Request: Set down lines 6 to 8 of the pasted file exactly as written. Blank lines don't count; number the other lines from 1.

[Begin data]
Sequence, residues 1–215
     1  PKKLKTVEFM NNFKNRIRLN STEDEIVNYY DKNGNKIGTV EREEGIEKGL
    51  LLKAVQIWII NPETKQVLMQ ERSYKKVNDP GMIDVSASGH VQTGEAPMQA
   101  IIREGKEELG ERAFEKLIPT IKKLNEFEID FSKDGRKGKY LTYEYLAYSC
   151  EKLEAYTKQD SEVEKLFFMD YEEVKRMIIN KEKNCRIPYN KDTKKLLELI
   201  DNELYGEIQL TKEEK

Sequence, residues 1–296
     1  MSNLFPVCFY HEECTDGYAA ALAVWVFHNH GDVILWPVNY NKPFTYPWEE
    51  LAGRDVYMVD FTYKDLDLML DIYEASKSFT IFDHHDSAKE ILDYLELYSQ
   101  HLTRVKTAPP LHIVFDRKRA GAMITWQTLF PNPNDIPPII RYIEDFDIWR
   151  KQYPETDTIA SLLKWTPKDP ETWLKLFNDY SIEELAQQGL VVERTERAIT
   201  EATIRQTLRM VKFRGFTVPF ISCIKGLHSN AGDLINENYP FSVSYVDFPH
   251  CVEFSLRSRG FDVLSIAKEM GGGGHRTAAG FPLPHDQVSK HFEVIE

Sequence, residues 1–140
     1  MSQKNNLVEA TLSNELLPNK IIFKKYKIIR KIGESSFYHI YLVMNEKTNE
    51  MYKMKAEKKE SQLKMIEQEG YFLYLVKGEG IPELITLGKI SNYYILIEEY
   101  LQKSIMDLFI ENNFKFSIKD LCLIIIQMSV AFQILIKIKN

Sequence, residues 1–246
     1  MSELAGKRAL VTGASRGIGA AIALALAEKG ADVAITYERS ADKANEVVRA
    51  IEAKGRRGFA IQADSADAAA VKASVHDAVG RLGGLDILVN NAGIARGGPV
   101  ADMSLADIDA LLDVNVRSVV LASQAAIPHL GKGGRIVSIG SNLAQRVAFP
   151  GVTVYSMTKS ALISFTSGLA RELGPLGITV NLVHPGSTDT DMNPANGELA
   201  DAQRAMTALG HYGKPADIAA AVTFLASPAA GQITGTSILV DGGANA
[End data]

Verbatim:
   201  DNELYGEIQL TKEEK

Sequence, residues 1–296
     1  MSNLFPVCFY HEECTDGYAA ALAVWVFHNH GDVILWPVNY NKPFTYPWEE